JASON: “I think it's beneficial across the board. One of the ways it's most beneficial is that there's a sense of community and collaboration with theatre. I think that’s important to bring with you into film and television. Because it's not always that common. There's a lot of actors who haven't experienced that and tend to get quite insular. Their work tends to be kind of all about themselves, and they direct themselves, and they kind of show up with their performance.”

“So I think theatre is really important for that. To feel that sense of connection as a community, as a company. To rely on each other and trust each other.”

“It gives you muscularity as an actor that you can't really acquire otherwise. This ability to rely on your experience, your rehearsal, your craft, and your intuition through an entire journey with the character. An entire performance, if you're playing a lead role, it can be two, three, sometimes four hours on stage. There's nothing like that in film and television. I think for you to really get to know yourself as an actor, it's important to have experiences like that.”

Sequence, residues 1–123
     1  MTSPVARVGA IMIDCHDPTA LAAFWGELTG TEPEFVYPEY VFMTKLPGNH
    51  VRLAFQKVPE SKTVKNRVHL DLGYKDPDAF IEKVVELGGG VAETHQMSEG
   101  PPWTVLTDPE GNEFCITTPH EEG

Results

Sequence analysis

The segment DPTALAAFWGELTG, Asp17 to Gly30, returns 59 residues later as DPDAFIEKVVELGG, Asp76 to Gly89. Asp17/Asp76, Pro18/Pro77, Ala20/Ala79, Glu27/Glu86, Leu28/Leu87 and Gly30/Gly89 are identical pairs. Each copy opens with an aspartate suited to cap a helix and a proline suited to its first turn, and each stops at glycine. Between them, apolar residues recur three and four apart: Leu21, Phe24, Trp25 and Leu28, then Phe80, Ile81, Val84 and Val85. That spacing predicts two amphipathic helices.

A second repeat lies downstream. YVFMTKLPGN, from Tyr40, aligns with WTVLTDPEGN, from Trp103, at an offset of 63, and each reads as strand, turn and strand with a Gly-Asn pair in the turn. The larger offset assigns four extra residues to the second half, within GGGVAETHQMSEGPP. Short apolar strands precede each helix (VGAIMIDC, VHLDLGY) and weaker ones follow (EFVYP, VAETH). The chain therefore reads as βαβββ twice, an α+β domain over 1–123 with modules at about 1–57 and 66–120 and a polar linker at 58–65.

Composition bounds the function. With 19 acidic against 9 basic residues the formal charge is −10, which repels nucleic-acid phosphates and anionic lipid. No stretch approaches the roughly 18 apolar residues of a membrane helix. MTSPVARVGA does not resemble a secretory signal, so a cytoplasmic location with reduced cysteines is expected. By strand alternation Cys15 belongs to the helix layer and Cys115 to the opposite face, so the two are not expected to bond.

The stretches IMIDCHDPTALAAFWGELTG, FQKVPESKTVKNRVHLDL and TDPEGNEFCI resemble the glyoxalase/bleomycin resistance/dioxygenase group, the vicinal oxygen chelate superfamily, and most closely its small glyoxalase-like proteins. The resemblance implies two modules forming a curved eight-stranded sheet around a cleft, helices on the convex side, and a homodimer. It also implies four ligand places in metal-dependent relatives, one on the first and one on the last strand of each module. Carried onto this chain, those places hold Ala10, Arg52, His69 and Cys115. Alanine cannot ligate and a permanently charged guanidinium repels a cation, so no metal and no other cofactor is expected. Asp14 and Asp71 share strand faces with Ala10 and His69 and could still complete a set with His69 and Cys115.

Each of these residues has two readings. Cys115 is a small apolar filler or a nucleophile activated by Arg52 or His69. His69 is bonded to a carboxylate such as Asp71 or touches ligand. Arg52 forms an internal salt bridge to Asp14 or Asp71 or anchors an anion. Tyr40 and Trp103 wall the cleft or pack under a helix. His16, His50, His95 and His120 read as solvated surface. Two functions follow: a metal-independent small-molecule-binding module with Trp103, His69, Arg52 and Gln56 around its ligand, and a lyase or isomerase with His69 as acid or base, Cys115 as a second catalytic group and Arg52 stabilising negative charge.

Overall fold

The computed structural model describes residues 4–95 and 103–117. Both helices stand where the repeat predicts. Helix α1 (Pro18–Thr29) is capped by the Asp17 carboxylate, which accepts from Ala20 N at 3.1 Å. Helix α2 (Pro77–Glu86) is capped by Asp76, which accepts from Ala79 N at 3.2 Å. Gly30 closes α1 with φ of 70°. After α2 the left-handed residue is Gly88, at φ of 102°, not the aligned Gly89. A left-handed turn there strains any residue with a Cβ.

“And also just this work ethic, you know, the idea of doing something eight times a week, even when you don’t feel like it, even on Wednesdays and Saturdays when you got to do two shows. It's good for you, for your discipline.”

“Even though I haven't done theatre in a while. I'm always looking for opportunities to do it again. I'm currently working on a solo theatre piece with the writer, Michael West. We've been collaborating on something for a while now. Can't say much about it, but that will probably be my next foray into theatre. So that's really great. That’ll be something that starts in Ireland and then will, hopefully, tour internationally.”